Subtle nuances we detest in the phrase "Clever blacks"

2013-07-30 14:03

I am one of those who have always had a problem with the phrase “clever blacks”. As a young black man I find the phrase insulting not only to me, but to my fellow brothers and sisters.

My main concern has always been if you are going to name or label those who went to school and educated “clever blacks”, then what are you going to name those who did not have the privilege to acquire education? Is it probably that the answer is there but no one wants to come out to say it?

What or who really are clever blacks? Are clever blacks those able to take to different media platforms their frustrations about today’s political landscape in our country? Are these people labeled clever blacks because they are intelligent enough to make their own choices on who to vote for come election time? Are they labeled clever blacks because it is not easy to get their attention and convince them on party politics matters?

If the latter is the case what does this say about the poor of the poorest? Do we call them just that, the poor of the poorest? Oh wait, probably not….suggestions are they might be called the opposite of clever, stupid. Yes, “stupid blacks”. This is probably the only answer that will make sense to the question above.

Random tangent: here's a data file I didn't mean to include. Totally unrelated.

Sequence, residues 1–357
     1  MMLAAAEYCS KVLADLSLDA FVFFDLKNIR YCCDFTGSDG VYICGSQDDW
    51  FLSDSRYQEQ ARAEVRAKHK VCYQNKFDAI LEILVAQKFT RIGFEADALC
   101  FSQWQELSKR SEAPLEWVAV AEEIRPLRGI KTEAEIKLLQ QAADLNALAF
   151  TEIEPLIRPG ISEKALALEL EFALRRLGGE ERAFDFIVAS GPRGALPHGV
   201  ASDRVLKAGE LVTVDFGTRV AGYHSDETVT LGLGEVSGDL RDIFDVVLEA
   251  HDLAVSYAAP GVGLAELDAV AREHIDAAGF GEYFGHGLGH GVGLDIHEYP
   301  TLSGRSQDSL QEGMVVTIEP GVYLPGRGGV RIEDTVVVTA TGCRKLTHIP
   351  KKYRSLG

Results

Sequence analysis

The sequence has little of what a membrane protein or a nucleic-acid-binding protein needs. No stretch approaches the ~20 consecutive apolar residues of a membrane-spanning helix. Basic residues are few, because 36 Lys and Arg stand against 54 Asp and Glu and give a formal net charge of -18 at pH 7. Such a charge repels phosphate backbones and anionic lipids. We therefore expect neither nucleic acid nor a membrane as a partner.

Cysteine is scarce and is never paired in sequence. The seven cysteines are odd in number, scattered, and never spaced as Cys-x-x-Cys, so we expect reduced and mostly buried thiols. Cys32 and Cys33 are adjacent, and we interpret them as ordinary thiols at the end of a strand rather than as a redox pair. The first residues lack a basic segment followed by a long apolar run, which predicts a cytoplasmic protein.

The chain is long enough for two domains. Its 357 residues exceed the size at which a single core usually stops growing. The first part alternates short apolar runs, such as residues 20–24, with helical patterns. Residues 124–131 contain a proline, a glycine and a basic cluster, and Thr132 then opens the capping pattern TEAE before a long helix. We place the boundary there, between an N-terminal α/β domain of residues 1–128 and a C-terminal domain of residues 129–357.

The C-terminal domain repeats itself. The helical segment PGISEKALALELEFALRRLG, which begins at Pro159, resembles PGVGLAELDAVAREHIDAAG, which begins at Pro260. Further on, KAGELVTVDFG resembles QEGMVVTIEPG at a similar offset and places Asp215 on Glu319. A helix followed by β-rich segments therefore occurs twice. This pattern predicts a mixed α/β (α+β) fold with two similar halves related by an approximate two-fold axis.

Yes, they might be called stupid blacks. Why is it difficult to be blatant about it? Because we know very well it is wrong to call people stupid. They are however silently seen as stupid because even their feelings are trampled upon by political parties promising improved service delivery every five years. They find themselves with no choice, but to believe this and cast their vote in favor of those who make the loudest noise in promising them the latter. They are powerless, but does it mean they can’t think? Nonetheless, they ultimately succumb to the false hope given by those who make the loudest noise in promising them heaven and earth. They have to just believe what they are told, don’t they?